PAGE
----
Carrell (1984) states that prior knowledge of content and formal schemata enables readers to predict events and meaning as well as to infer meaning from a wider context. and each genre will have a different structural organization. if the topic is familiar. The ability to use this schemata. if readers know that the typical format of a research article consists of sections subtitled Introduction. 473). or a work of fiction. they may find it incomprehensible.” Smith (1994) calls schemes the “extensive representations of more general patterns or regularities that occur in our experience” (14).process in which the reader’s background knowledge plays a key role in the creation of meaning (Tierney and Pearson 1994). Content and formal schemata Schema theorists make a distinction between formal schemata (knowledge about the structure of a text) and content schemata (knowledge about the subject matter of a text). “a reader comprehends a message when he is able to bring to mind a schema that gives account of the objects and events described in the message” (469). situations. 2). experience. Content schemata refers to the message of the text. In some cases readers may not have a schema that is pertinent to the text. comprehension is the interaction between old and new information: To say that one has comprehended a text is to say that she has found a mental ‘home’ for the information in the text. Results. for example. For Anderson and Pearson (1988). Theory. which allows us to make sense of classrooms we have not previously been in. if they are not familiar with this formal schema. is fundamental for efficient comprehension to take place. 31). teaching it to them could lead to improved reading ability with lasting and beneficial effects. and Conclusion. Formal schemata refers to the way that texts differ from one another. Discussion. Another theory closely related to top-down processing also had a major impact on reading instruction. Comprehension is “activating or constructing a schema that provides a coherent explanation of objects and events mentioned in a discourse” (Anderson 1994. As Anderson (1994) explains. Activating and building schemata Schema theory acknowledges that the reader plays a key role in the construction of meaning. As an example. a scientific essay. On the other hand. as it gives readers a basis for predicting what a text will be like (Smith 1994). the reader’s age. Anderson (1994) notes that when readers cannot locate a schema that fits a text. or they According to Nunan (1999. gender. This means that past experiences will be related to new experiences. he uses our generic scheme for a classroom. For example. Methods. organizing and interpreting information” (Kucer 1987. Knowledge of these genre structures can aid reading comprehension. dependent on the prior knowledge and expectations of the reader (or learner). 201). and culture are important considerations for teachers who want to select readings that will motivate their students. Reading is a matter of making sense of written language rather than decoding print to sound” (Smith 1994. Reading is not a passive mechanical activity but “purposeful and rational. or else that 10 2006 NUMBER 1 | E N G L I S H T E A C H I N G F O R U M . and. a learner’s schemata will restructure itself to accommodate new information as that information is added to the system (Omaggio 1993). that knowledge will facilitate their interaction with the article and boost comprehension. which may include the knowledge of “objects. Schema theory and the reading process she has modified an existing mental home in order to accommodate that new information (38). Schema theory describes in detail how the background knowledge of the learner interacts with the reading task and illustrates how a student’s knowledge and previous experience with the world is crucial to deciphering a text. or background knowledge. Anderson (1994) presents research showing that recall of information in a text is affected by the reader’s schemata and explains that “a reader comprehends a message when he is able to bring to mind a schema that gives account of the objects and events described in the message” (469). and events as well as knowledge of procedures for retrieving. Therefore. a reading text could be a letter to the editor. “schema theory is based on the notion that past experiences lead to the creation of mental frameworks that help us make sense of new experiences. the reading task will be more productive and efficient. Therefore.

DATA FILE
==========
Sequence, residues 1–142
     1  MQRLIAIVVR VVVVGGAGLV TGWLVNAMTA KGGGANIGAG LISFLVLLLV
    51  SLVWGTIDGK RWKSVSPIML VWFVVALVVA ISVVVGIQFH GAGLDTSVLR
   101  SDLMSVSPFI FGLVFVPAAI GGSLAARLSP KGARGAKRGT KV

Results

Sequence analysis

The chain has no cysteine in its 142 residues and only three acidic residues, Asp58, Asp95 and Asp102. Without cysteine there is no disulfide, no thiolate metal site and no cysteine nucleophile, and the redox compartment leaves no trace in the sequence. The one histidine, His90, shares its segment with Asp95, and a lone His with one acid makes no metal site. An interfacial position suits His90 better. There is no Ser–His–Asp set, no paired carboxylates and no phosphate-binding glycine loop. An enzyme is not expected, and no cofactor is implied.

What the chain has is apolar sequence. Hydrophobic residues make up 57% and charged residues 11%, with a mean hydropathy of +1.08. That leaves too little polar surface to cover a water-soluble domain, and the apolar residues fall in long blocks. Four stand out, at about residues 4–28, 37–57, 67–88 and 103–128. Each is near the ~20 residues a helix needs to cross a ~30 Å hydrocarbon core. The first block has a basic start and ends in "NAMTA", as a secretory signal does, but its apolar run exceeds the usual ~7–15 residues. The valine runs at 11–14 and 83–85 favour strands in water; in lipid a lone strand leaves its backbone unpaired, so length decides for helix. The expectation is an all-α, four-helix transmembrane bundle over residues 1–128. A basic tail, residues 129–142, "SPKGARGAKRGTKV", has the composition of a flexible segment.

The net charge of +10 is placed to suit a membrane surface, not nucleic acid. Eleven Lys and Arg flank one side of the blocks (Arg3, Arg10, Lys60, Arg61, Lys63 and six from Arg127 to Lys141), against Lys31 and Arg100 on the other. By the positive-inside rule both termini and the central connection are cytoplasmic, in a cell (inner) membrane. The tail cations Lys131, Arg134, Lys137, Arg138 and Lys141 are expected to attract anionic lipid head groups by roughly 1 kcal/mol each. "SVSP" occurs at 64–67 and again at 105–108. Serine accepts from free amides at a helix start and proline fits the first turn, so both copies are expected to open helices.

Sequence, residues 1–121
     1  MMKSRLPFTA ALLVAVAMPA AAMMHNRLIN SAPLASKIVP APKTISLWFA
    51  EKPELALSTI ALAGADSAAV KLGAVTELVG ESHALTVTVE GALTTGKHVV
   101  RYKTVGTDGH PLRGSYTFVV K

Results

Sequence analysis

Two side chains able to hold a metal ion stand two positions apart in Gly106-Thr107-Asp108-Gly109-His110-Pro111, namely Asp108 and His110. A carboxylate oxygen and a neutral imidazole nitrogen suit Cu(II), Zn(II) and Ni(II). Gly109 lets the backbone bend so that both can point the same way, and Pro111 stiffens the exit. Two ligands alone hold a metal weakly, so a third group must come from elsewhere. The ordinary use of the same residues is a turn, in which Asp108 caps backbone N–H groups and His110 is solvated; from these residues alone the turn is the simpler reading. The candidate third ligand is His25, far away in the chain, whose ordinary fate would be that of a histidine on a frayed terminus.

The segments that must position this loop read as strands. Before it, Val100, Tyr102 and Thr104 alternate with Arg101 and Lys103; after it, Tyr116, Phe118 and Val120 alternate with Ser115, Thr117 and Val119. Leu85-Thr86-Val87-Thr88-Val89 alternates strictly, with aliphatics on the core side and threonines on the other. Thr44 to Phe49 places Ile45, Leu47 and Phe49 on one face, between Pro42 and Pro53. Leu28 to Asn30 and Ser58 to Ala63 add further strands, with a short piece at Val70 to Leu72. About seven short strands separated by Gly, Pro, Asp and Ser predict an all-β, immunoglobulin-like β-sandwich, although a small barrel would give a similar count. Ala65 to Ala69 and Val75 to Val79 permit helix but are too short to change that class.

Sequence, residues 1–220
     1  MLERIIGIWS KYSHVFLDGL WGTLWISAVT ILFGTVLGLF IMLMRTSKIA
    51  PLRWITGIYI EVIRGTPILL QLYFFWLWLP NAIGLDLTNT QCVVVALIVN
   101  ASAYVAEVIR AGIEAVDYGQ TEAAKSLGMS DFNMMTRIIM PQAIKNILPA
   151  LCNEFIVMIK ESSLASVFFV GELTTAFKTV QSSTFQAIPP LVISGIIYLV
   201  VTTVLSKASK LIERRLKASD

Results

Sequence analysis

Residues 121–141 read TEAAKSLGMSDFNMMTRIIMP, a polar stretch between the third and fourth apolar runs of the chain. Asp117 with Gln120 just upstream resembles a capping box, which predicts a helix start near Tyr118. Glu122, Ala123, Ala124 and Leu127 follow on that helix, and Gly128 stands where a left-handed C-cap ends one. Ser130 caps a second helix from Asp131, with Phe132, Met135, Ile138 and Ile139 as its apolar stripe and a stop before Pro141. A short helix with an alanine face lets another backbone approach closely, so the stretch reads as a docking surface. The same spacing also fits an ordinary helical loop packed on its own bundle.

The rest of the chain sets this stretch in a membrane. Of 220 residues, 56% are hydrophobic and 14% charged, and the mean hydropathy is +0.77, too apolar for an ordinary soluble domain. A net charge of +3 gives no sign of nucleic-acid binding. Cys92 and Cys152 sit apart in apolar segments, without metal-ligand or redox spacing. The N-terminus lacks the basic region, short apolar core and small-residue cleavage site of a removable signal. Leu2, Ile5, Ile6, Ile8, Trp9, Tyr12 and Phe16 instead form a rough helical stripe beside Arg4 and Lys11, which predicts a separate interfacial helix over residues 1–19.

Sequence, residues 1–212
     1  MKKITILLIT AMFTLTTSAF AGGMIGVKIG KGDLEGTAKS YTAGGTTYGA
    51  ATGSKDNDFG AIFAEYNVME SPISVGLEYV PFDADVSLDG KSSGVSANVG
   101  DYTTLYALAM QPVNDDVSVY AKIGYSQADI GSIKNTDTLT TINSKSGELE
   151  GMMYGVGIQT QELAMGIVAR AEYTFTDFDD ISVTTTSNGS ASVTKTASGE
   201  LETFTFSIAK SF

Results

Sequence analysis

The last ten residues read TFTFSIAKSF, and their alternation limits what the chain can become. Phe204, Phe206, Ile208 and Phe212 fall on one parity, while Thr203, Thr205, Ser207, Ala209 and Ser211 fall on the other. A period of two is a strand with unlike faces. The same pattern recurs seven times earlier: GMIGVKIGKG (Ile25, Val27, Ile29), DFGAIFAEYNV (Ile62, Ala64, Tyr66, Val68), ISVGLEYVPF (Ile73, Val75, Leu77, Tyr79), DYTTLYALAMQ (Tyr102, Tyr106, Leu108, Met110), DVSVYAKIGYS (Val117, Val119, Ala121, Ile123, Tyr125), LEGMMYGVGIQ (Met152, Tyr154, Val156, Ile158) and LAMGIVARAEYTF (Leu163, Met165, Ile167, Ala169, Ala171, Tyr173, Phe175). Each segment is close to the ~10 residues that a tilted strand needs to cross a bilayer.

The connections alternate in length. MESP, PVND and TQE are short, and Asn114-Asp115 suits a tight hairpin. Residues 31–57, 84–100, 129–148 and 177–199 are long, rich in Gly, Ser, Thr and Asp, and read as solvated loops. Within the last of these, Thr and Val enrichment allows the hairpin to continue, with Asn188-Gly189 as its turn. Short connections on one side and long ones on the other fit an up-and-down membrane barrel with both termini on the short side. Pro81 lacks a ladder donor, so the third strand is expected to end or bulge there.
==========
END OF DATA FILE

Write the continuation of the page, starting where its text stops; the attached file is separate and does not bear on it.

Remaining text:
preferences. McDonough reports several studies that demonstrate how people outside a given culture may misunderstand events with unfamiliar cultural connotations. during the students’ initial contact with the text. the pre-reading stage deserves special attention since it is here. Fortunately. (This can also be a problem in standardized tests that may assume common schemata for students from different cultural backgrounds. The post-reading stage offers the chance to evaluate students’ adequacy of interpretation. after selecting a text. and discuss every- The objective of pre-reading activities is to activate existing schemata. 3. For example. Different activities and materials can help the teacher introduce key vocabulary and strengthen concept association to activate both formal and content schemata. employing techniques such as prediction. and the teacher must be prepared to engage in “building new background knowledge as well as activating existing background knowledge” (Carrell 1988. During-reading. 2. Pre-reading activities Obviously. A first task is to select texts that are relevant to the students’ needs. At this important stage the teacher should make sure that students have the relevant schema for understanding the text. Bransford (1994) also mentions that difficulties in comprehension may be attributed to the lack of background knowledge presumed by the text. Therefore. One important skill teachers can impart at this stage is note-taking. Formal schemata will be activated by using devices such as advance organizers and overviews to draw attention to the structure of a text.may need help activating the pertinent schema to be able to comprehend the text.) Applying schema theory to L2 reading thing they know about the topic. which entails activating existing schemata and helping build new schemata. Bloom’s taxonomy provides an excellent range of simple to complex questions and activities that are perfect for this stage (Anderson and Krathwohl 2001) While schema activation and building can occur in all three stages. while bearing in mind that accuracy is relative and that “readership” must be respected as long as the writer’s intentions are addressed (Tierney and Pearson 1994). which allows students to compile new vocabulary and important information and details. and Eskey 1988). and he sees the responsibility of instructors as being twofold: to activate preexisting schemata and to help students to integrate isolated “pockets” of knowledge into a schema or to build a new one. build new schemata. define them as “devices for bridging the gap between the text’s content and the reader’s schemata” (664). Pre-reading. and the content schemata will be activated by using various pre-reading activities to help learners brainstorm and predict how the information fits in with their previous knowledge. Post-reading activities focus on a wide range of questions that allow for different interpretations. The goal is to provide meaningful texts so the students understand the message. McDonough (1995) explains that ESL and EFL students are faced with the difficulty of learning to read in a second language with texts that contain cultural assumptions of the target culture. where their schemata will be activated. the issues of formal and content schemata become even more important. who report on the positive effect various pre-reading activities had on reading comprehension. the learner may lack the culture-specific background knowledge necessary to process the text in a top-down manner. and provide information to the teacher about what the students know. This is achieved by having students think. the role of the teacher is paramount to activate and build schemata. and cultures. E N G L I S H T E A C H I N G F O R U M | N UMBER 1 2006 11 . Post-reading. Devine. and reconciled reading. If the texts to be read have a cultural context that is different than the student’s. Chen and Graves (1995). This stage requires the teacher to guide and monitor the interaction between the reader and the text. there is a wide body of research that provides suggestions on how to accomplish this (Carrell. 248). In cases like this it may not be possible for the reader to understand the text. semantic mapping. write. individual differences. and to summarize information and record their reactions and opinions. the following three stages of activities are typically used to activate and build students’ schemata: 1.